DEALING WITH SCRATCHED HARDWOOD FLOORS

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Best Ways To Fix Scratches on Hardwood Floors

Hardwood floors are highly desirable for most homeowners, but they come with their share of challenges when it comes to cleaning, maintenance, and repairs. After a few months or years of heavy use from kids playing with toys and chairs being shuffled around, it may be time for some DIY fixes.

Hiding scratches: If you’ve got a good eye for matching colors, you can actually use crayons or markers or purchase wax sticks from the hardware store to fill-in scratches. Try to match the stain color on your floors, but don’t worry if it’s a little off. If the color is close, once the scratch is filled, it’ll look like a variation in the wood grain.

Polishing floors: You can make a polish solution for your floors from household ingredients. Mix olive oil and vinegar in equal parts, pour it directly into scratches, and then wipe it off after 24 hours. It may take several applications, but this homemade polish will fill and cover most scratches.

Clever decor: It’s not a long-term solution, but sometimes the most painless way to fix scratches in your floors is to cover them with a rug or furniture arrangement.

Spot sanding: For deeper scratches, you’ll need to spot sand with fine steel wool or sandpaper, use wood filler, and stain and seal the repaired area.

NEW HOME, BETTER LIVING

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What to look for in a New Home

When you’re house hunting, focus on the things that will improve your quality of life.
There are so many factors that go into a home buying decision that it can make your head spin—especially if you’re in a competitive market where time is of the essence. The desire to purchase a property makes it easy to look past issues that could detract from your enjoyment of the home and cause some regrets down the road. That’s why when you’re weighing your options, quality of life should always be the top priority.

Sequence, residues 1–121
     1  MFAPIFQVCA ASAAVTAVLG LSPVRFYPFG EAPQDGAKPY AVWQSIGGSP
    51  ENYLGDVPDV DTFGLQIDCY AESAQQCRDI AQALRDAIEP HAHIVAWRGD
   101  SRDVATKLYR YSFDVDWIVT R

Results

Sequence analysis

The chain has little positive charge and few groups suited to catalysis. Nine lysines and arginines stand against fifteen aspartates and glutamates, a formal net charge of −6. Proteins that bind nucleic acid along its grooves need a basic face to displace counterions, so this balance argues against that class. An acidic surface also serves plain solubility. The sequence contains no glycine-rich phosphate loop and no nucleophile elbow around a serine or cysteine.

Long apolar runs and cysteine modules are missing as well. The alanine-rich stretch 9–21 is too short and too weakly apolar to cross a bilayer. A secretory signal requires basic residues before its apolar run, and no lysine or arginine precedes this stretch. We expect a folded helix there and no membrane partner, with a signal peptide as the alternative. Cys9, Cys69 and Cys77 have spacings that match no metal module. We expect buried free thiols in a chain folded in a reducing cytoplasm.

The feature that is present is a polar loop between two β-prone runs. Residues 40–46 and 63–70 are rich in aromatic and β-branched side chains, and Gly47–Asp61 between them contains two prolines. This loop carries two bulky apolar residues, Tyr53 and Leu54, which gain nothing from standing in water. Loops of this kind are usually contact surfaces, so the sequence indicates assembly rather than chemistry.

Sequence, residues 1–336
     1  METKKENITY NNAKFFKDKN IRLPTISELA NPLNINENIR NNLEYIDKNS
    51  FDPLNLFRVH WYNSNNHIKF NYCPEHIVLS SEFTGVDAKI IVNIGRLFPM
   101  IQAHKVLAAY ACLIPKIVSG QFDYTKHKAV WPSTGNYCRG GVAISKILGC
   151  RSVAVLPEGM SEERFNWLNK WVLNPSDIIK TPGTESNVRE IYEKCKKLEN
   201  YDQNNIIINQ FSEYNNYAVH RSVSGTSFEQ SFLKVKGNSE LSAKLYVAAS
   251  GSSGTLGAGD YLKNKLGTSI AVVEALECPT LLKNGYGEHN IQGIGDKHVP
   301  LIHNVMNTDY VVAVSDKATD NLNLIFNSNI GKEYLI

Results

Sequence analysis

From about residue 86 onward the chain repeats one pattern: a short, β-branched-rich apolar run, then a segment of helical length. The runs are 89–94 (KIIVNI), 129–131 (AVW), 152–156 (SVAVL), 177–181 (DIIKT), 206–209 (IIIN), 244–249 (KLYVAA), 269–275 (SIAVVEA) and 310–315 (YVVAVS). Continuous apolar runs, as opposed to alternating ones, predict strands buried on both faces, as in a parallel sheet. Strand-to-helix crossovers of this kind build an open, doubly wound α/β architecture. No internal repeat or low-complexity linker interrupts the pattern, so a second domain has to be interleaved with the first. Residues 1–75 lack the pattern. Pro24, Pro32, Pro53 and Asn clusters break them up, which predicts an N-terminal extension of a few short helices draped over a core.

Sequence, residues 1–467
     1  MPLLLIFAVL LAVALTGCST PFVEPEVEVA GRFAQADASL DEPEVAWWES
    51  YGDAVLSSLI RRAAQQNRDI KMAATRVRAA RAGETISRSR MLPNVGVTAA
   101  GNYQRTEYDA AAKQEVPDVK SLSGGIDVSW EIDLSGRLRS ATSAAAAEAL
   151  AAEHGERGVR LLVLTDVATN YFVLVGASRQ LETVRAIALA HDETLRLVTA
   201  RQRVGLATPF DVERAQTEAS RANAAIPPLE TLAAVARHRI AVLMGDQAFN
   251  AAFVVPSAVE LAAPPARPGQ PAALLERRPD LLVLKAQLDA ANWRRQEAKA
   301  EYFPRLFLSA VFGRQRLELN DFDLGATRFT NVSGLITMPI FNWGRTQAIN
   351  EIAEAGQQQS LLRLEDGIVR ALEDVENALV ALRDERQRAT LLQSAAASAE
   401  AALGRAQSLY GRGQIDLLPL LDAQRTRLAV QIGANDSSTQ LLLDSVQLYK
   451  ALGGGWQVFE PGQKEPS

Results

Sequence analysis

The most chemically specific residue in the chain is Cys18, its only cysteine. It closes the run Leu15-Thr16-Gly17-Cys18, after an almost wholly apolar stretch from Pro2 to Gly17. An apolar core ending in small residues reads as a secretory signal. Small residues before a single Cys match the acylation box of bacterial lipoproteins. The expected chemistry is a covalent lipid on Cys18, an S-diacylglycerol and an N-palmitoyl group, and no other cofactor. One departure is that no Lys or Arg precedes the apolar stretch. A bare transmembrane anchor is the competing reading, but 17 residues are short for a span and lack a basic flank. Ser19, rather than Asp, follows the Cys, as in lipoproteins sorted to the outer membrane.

Location is part of lifestyle
Buyers often focus on “must haves” that can be added via renovation, but will downplay factors that are impossible to change. For example, if you work and spend much of your free time in the heart of a busy city, a house in the suburbs may mean more space for the same price, but it could also mean long commutes and a major hit to your nightlife. A centrally-located condo might be a better option.

On the other hand, if you’re a weekend warrior who looks forward to skiing, hiking, and mountain biking trips, living outside the city may be perfect—you’re that much closer to the trails when you wake up on Saturday morning. It’s a cliche, but it’s true: Location, location, location.

Big homes aren’t for everyone
If you love entertaining friends and family, a big house makes perfect sense. You’ll have all the space you need to prepare meals and throw big parties, and your guests won’t have any trouble finding parking.

But a big home also means more cleaning and maintenance—more lawn to mow, more bathrooms to scrub, more things that will break and need fixing. Before you dive into an alluring big home, consider your tolerance and enthusiasm for the upkeep. For some, a smaller home or a professionally-maintained condo are better options.

CHOOSE THE RIGHT PAINT FINISH

Why all the different paint types?

It can be intimidating to stand in front of the paint swatches at the paint or hardware store and try to make a decision. Picking a color can be difficult enough—and then you have to choose the finish. Choosing the color is up to you, but here’s a simple guide to choosing the correct finish for your project.

High Gloss
High gloss paint has the most sheen, and will be the most durable. That durability is best suited for the kitchen, on surfaces like cabinets, door frames, and window trim. It’s best to avoid using high gloss on walls, because it will be too reflective.high gloss

Semi-Gloss
It’s not as shiny as high gloss, but it’s still great for kitchens and bathrooms, because the sheen protects from drips, splatters, and other moisture.

Satin
Satin has a velvet-like look, but is still a durable finish, and works best in high-traffic areas. Be careful when applying, because satin paint will reveal sloppy brush strokes.

Eggshell and flat
These finishes have the least amount of sheen, and are the least durable. They’re great for hiding imperfections in your walls, but the low durability means they should be avoided if the room is subject to wear and tear from kids or pets. Use these paints in dining rooms, bedrooms, and other low-traffic rooms.paint-finishes-flat-satin-semi-gloss